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A New Archival-based Look at the Old Federation of South Arabia

Leader: Prof. Clive Jones, Durham University

This is a new and exciting 2-year project looking at the archival record of the rise and demise of the FSA. Popular perceptions of Western intervention in both Iraq and Afghanistan have underscored the limits of what Michael Ignatieff termed ‘Empire Lite’. State capacity remains both weak and challenged, while good governance and resilient institutions able to reflect popular sovereignty amongst a heady mix of competing religious and ethnic identities remain conspicuous by their absence. From the high hopes that accompanied the push towards democratisation, Western leaders have certainly lowered the bar over what ‘success’ will now look like.

Over four decades ago, these themes would have been familiar to British Colonial official and military officers as they attempted to cohere the disparate political landscape that was the South Arabia, into a coherent state – the Federation of South Arabia (FSA). That this experiment in state creation too foundered on the rocks of popular resistance from the NLF and FLOSY is all too well known. However, unlike Iraq and Afghanistan, embracing popular sovereignty was never entertained as the foundation of state legitimacy; rather, Britain looked to empower the various Shaykhs and potentates whose tribal base was seen as the most effective platform on which to build state legitimacy.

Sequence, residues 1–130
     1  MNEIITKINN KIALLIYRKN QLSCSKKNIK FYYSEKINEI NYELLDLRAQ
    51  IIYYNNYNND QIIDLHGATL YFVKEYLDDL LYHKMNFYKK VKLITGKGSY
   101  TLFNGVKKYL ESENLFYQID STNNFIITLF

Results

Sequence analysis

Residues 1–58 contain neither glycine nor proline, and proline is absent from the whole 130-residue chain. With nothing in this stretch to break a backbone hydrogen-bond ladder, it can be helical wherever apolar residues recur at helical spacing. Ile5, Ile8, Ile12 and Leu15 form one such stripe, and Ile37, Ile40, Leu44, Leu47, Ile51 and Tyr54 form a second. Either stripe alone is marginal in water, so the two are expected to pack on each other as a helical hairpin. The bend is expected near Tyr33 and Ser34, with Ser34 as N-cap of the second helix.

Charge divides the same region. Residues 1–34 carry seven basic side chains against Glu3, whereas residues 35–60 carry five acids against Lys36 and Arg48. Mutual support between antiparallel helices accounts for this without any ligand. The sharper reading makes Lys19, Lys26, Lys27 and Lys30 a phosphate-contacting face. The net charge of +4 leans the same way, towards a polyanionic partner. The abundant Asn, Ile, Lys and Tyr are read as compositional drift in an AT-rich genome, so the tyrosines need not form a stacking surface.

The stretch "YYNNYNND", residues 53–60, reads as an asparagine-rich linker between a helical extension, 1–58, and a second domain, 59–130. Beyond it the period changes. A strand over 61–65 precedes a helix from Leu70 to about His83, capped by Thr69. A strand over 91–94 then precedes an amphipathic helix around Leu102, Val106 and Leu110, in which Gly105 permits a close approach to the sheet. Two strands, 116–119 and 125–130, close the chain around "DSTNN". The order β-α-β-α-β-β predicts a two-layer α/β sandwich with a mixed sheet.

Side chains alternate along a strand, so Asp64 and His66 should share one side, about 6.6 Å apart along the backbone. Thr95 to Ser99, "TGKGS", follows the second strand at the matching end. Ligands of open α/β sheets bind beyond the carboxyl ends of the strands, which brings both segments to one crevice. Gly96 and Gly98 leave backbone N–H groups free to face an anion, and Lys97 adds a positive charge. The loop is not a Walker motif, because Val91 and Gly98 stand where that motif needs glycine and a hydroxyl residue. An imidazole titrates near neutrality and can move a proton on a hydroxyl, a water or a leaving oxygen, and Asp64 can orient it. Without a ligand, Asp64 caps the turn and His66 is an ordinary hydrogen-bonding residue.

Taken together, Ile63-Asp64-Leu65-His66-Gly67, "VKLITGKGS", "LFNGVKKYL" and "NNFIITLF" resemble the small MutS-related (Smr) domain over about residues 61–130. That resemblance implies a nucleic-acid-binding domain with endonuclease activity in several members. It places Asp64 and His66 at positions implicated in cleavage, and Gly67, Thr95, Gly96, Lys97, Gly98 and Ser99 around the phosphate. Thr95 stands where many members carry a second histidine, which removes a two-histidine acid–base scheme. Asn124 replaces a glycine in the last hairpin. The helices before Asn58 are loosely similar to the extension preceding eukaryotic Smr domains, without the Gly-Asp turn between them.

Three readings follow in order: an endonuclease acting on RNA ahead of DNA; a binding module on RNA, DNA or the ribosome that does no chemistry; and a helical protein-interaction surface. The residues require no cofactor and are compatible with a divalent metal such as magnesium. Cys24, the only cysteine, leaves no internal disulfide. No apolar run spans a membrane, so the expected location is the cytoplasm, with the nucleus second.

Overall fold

A host of factors have been cited as both cause and effect as to why the Federation failed to survive. A strong trade Union movement centred around Ali Asnag which enjoyed Egyptian support certainly helped radicalise what passed as a Yemeni working class the serviced the BP oil refinery in little Aden. Equally, Cairo’s proved adept at suborning some of the tribes in the Radfan area. Even so, such external intervention, while a necessary condition, was never sufficient by itself to ensure the emergence of an independent South Yemen, particularly when Egypt itself had become increasingly debilitated by its involvement in the Yemen Civil War.

This in turn highlights some interesting points of comparison and debate, both over the nature of state consolidation and legitimacy as well as how external involvement impacted upon indigenous capabilities. For example, while under the broad if intellectually confused term ‘human security’, the intervention in Afghanistan at its heart aimed to develop state capacity and institution building through representative government. By contrast, in South Arabian, Britain looked to indigenous forces of governance – the tribes and loyalty to defined leaders ( and backed by judicious use of Colonial office funds) to develop those self- same institutions that, it was hoped, would enjoy legitimacy. This apparent sensitivity to what were perceived as ‘the local conditions’ still resulted in Britain’s ignominious withdrawal from Aden and with it, a sustained period of unrest and turmoil that continues to blight Yemeni politics.

© University of Edinburgh